PM Must Explain ‘Secret’ India-Pak NSA Talks, Opposition Says in Parliament
NEW DELHI: A secret meeting in Bangkok between the National Security Advisors of India and Pakistan, which marked a dramatic turn in ties, has sparked a political row.
In Parliament, the Congress has demanded a statement from Prime Minister Narendra Modi on the National Security Advisor (NSA) talks on Sunday and their outcome.
“Parliament should have been informed and still should be informed regarding the whole matter,” Congress parliamentarian and former external affairs minister Anand Sharma said, saying the government’s decision to hold NSA talks was disrespect to Parliament.
Union Minister Mukhtar Abbas Naqvi said Foreign Minister Sushma Swaraj would make a statement on Thursday. Ms Swaraj will travel to Pakistan tomorrow for an Afghan conference, the foreign ministry has said.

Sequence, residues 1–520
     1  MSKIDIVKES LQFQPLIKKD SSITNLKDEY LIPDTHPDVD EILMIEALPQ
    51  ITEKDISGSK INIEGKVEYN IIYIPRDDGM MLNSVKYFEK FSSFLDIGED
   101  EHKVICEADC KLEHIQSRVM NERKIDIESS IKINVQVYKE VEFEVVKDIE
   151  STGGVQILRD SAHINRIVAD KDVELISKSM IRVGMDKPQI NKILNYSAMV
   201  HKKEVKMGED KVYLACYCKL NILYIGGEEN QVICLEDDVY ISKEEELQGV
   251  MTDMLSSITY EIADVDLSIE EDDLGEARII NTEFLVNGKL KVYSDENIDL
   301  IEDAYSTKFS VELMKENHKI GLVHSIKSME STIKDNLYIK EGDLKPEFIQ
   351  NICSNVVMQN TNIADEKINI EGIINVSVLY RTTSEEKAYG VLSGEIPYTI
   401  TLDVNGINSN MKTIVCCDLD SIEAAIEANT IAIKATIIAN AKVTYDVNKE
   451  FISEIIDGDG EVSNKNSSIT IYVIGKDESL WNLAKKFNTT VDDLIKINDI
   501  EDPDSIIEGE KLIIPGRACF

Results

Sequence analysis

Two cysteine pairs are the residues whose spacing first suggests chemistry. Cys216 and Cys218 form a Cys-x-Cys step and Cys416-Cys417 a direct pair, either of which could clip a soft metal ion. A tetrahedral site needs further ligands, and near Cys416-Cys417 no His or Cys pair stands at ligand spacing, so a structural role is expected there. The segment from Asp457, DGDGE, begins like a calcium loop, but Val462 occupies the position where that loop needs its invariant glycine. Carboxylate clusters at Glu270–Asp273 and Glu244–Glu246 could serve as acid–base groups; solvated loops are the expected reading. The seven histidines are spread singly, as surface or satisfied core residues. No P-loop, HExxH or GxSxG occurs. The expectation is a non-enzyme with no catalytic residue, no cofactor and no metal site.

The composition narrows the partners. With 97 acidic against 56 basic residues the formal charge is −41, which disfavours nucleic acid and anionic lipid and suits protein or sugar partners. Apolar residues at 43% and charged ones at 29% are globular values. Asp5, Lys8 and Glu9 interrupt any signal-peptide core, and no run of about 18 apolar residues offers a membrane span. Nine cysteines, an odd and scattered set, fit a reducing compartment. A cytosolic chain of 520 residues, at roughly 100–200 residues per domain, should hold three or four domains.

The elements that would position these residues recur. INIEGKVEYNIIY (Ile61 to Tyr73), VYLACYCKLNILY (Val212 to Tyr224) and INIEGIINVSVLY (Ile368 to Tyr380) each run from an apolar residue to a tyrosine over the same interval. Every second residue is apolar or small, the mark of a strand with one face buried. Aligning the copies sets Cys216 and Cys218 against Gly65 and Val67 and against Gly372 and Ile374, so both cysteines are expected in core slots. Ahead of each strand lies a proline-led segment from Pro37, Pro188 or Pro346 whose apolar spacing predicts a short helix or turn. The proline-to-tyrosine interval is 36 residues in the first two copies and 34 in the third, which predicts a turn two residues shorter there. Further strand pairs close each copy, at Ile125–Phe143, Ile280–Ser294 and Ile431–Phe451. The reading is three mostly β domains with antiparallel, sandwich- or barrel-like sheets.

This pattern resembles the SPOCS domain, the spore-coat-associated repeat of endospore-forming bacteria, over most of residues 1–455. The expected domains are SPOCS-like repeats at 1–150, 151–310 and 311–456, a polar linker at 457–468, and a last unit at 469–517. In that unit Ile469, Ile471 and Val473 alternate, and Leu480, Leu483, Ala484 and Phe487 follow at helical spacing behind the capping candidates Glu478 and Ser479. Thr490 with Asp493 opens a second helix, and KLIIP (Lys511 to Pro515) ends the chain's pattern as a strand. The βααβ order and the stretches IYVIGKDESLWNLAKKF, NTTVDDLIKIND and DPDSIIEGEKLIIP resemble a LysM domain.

Opposition parties like the Congress have called the meeting a betrayal.”It’s a grand betrayal. It’s a betrayal of everything that this government has ostensibly, publicly espoused,” Congress leader Manish Tewari said.
“Why is it so secret? There are so many flip flops regarding talks,” said Saugata Roy of the Trinamool Congress.The Bangkok meeting was green-flagged by Prime Minister Narendra Modi and his Pakistani counterpart Nawaz Sharif when they met and chatted in Paris two weeks ago.
In a four-hour meeting, the two National Security Advisers (NSAs) held discussions on security, terrorism and Jammu and Kashmir.Sources say PM Modi took initiative on the NSA meeting, which was one of the decisions taken when he met Mr Sharif in Ufa, Russia. The talks, they say, could lay the groundwork for PM Modi’s visit to Pakistan next year for the SAARC summit.
Earlier this year, the NSA talks fell through at the last minute with India objecting strongly to a proposed meeting between Pakistan’s then Security Advisor Sartaj Aziz and Kashmiri separatists. There were disagreements about the agenda of the meeting too – with Pakistan pushing for an “open agenda” and India maintaining the talks should be confined to terrorism.